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Relating to the control and funding of law enforcement and public safety services in certain political subdivisions.
No significant fiscal implication to the State is anticipated.
However, there could be an indeterminate increase to state revenue if an applicable municipality is determined to have adopted a budget that reduces the appropriation to the police department.
HB 1950 create a designation for a defunding municipality which, based on certain criteria is determined to have improperly defunded its police department.
HB 1950 would permit the Governor to create a public safety zone in an area of a qualified municipality that the Criminal Justice Division of the Governor's office designates as a defunding municipality. This provision is bracketed to the City of Austin.
The Governor would be able to appoint a board of directors over each public safety zone. Qualifications for eligibility to be a board member are laid out in the bill. The directors of each zone would be responsible for directing all law enforcement duties in the zone, including the enforcement of state laws, prevention of crime, and hiring of licensed peace officers. Zones would be permitted to contract with any political subdivision or private company to assist in carrying out their law enforcement duties.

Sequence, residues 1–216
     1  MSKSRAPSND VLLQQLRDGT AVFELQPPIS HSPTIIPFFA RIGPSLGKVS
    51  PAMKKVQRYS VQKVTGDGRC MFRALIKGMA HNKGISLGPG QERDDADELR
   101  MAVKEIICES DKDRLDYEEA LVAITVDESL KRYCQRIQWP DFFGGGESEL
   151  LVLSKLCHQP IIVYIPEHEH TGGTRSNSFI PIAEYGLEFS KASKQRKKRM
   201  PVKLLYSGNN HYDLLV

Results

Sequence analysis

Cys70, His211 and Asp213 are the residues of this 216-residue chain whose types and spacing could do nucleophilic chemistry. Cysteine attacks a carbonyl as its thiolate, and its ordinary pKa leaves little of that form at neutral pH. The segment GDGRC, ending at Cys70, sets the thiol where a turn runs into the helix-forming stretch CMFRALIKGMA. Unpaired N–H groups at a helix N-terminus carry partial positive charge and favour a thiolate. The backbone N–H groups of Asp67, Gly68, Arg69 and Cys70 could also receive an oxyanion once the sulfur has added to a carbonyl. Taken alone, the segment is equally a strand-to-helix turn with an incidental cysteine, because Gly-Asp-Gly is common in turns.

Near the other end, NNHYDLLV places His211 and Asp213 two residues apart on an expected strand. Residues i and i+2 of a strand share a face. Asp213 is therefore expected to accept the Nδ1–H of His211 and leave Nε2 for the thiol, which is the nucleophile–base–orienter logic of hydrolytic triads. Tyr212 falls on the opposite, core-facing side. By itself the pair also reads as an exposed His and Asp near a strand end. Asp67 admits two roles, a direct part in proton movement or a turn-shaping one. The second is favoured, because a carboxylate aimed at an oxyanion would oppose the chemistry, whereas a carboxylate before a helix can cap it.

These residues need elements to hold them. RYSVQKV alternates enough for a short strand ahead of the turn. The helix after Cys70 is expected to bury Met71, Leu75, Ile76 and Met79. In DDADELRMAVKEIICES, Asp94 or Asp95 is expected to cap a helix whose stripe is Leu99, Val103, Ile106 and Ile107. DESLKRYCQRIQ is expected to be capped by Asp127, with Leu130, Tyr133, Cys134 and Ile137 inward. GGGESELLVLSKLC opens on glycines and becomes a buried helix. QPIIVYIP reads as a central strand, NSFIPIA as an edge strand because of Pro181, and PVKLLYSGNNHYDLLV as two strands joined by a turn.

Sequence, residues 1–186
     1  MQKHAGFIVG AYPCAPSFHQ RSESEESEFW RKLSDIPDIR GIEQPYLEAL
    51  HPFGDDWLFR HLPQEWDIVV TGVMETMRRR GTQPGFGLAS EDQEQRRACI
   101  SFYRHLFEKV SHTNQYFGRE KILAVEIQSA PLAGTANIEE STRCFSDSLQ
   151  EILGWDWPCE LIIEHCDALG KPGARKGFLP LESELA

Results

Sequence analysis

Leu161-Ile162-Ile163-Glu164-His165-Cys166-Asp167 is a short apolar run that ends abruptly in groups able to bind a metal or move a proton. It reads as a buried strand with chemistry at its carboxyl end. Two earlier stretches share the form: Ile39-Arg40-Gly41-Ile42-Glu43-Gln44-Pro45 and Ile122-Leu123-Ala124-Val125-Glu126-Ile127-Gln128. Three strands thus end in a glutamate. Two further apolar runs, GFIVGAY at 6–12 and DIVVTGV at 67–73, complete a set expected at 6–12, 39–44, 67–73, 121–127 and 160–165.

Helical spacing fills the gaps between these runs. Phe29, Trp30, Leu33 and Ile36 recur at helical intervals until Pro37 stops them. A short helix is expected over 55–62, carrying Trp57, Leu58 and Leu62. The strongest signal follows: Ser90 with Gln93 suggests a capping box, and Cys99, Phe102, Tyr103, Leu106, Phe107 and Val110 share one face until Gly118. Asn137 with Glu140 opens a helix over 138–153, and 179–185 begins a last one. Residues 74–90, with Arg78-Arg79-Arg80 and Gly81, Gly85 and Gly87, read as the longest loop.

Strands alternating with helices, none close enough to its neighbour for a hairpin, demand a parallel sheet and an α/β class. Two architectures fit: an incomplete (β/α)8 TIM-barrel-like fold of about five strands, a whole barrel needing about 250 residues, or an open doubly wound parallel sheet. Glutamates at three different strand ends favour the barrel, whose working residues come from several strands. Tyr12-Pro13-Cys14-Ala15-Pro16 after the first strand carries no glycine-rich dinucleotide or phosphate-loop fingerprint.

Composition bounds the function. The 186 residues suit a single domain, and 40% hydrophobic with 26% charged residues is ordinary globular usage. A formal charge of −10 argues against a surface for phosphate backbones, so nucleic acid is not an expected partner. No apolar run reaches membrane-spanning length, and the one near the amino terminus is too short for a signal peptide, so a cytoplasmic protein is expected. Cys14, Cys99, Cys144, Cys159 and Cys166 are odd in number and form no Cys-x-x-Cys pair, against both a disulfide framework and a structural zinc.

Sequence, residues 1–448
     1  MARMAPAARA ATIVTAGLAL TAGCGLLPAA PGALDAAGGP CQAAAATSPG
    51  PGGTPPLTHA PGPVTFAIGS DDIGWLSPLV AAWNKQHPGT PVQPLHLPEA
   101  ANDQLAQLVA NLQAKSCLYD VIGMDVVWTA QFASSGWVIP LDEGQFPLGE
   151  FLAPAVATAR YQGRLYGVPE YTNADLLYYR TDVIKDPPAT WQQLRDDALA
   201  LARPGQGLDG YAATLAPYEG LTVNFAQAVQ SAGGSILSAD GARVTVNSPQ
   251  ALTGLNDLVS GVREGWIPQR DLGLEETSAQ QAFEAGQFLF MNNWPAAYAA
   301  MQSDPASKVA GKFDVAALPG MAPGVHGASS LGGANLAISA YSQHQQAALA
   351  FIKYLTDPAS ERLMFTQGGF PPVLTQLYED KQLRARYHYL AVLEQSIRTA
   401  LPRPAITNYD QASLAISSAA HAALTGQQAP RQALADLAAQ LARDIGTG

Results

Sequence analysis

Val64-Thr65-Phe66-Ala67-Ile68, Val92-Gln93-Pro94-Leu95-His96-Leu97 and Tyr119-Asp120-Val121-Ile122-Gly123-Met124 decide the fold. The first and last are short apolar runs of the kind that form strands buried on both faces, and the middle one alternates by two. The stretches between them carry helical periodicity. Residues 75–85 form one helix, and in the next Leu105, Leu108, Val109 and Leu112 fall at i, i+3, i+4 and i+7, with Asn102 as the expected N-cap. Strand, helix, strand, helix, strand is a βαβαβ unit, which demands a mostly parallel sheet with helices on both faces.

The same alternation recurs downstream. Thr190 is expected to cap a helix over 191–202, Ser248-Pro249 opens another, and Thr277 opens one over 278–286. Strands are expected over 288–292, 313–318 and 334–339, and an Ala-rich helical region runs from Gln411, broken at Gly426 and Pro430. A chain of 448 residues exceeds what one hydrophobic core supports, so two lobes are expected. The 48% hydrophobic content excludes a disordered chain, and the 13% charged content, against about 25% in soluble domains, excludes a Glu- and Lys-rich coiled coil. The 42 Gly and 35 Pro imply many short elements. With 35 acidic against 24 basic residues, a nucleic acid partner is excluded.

HB 1950 would require the Governor, when creating a public safety zone, to order the Comptroller to set aside the municipality’s share of tax revenue into a special fund to finance the zone. When the Governor’s office determines that a defunding municipality has reversed their defunding of law enforcement, the Governor would be able to dissolve the public safety zone.
Texas Action opposes HB 1950 because it would expand the unilateral authority of the governor to take over law enforcement of the City of Austin in the event the city is designated a defunding municipality. The powers this legislation would give the governor are simply greater than any governor should have. While drastic cutbacks on law enforcement spending require oversight, HB 1950 would empower the state too significantly by allowing a governor-appointed board of directors to run Austin's law enforcement with little accountability